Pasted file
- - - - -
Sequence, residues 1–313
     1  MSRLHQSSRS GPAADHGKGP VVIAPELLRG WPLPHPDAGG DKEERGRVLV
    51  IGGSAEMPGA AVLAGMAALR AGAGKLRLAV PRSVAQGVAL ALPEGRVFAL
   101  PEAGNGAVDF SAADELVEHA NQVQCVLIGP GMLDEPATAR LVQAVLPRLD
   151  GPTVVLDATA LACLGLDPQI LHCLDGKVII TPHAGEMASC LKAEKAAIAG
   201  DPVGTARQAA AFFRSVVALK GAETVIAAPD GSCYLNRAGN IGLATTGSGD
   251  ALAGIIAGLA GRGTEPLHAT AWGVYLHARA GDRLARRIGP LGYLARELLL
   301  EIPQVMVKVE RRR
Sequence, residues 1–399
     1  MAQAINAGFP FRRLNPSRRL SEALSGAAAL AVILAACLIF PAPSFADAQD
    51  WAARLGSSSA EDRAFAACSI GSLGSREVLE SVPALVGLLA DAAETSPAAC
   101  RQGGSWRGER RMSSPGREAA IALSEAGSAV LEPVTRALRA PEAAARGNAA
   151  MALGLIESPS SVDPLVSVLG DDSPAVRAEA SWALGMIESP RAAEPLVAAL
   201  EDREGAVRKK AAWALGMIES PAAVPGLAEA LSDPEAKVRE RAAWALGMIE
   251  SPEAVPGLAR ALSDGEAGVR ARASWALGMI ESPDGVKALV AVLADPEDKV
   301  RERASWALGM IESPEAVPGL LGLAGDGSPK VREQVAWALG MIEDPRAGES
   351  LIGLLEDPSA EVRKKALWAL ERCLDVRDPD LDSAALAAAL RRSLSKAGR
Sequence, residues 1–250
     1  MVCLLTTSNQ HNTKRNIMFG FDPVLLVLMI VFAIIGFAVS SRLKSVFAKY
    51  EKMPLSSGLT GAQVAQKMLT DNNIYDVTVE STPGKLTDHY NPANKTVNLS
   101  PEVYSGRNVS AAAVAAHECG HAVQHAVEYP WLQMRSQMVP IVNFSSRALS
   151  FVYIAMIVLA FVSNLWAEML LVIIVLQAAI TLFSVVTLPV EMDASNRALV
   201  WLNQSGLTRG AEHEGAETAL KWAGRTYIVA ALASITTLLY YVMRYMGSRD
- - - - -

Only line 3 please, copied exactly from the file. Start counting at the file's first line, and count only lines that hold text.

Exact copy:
    51  IGGSAEMPGA AVLAGMAALR AGAGKLRLAV PRSVAQGVAL ALPEGRVFAL